Nation Other News 03 Nov 2016 Family can’t const ...

Family can’t construct on temple land, says court

DECCAN CHRONICLE. | P ARUL
Published Nov 3, 2016, 6:48 am IST
Updated Nov 3, 2016, 7:00 am IST
The land was let out to the tenant in 1940s on condition that no permanent structure should be put up there.
Representational image
 Representational image

Chennai: A city court has prevented a family from constructing a building on a land belonged to a temple in Aminjikarai. The land was let out to the tenant in 1940s on condition that no permanent structure should be put up there.

In a petition, Arulmigu Ekambareswarar Thirukkoil, represented by its executive officer, submitted that the temple owns a portion of land measuring 4,080 sq ft at S.S. Sahib Street, Aminjikarai. It was let out to Dillibabu. After his death, tenancy was transferred to his wife Sakunthalammal.

 

The department collected Rs 5 as monthly rent, revised to Rs 6,143 as per government orders. After the death of Sakunthalammal, D. Kannappa, S. Baby Ammal, N. Govindan and K. Revathi were in possession of the land. Without informing about the death of Sakunthalammal, they had regularised/ transferred the tenancy into their names as the legal heirs by applying to the Hindu Religious & Charitable Endowment Department.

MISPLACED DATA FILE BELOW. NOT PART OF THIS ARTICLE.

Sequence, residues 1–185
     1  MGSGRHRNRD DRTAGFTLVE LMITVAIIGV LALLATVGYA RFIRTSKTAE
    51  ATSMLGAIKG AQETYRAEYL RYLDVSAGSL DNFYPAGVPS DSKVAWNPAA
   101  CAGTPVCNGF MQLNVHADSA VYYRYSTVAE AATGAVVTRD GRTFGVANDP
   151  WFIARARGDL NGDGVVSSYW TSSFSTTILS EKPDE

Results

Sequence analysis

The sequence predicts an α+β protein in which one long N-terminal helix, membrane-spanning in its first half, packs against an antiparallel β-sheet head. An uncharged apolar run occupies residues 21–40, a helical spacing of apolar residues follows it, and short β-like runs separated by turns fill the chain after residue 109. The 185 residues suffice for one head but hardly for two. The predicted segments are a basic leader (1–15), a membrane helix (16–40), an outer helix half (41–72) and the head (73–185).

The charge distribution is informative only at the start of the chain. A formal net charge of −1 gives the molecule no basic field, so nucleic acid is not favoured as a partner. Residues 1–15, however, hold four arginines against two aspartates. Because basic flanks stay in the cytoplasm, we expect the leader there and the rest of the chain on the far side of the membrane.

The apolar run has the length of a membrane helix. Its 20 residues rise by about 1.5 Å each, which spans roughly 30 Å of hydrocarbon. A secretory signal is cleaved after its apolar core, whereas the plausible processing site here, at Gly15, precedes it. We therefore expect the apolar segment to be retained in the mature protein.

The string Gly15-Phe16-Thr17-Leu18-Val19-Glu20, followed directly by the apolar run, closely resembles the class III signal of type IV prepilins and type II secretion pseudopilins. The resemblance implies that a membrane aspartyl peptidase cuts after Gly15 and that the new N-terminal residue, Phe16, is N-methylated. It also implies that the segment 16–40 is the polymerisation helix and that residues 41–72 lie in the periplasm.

During an inspection on February 28, 2012, the executive officer found that they had demolished the old building and made arrangements to construct a building in its place. EO sought permanent injunction restraining them from putting up any new construction in the land.

 

In their reply, defendants said the temple was making false allegations. The date and year in which the property was leased out to Dillibabu for rent was not mentioned in the petition.

Parents of Kannappa purchased the property and were living there since 1946. After the death of his parents they were living as owner. They had not done any alteration work. Hence, they sought to dismiss the petition. Corporation said it had not given sanction or approval for constructing a new building.

The Assistant Judge, XIII City Civil Court, G. Santhi said the EO proved that parents of defendants were tenants and had not paid rent for many years.

 

During the pendency of this case the defendant raised the building and completed construction in 2013 without prior permission from the plaintiff. Hence, the plaintiffs are entitled for mandatory injunction, which is also necessary to preserve the property of temple, judge added.

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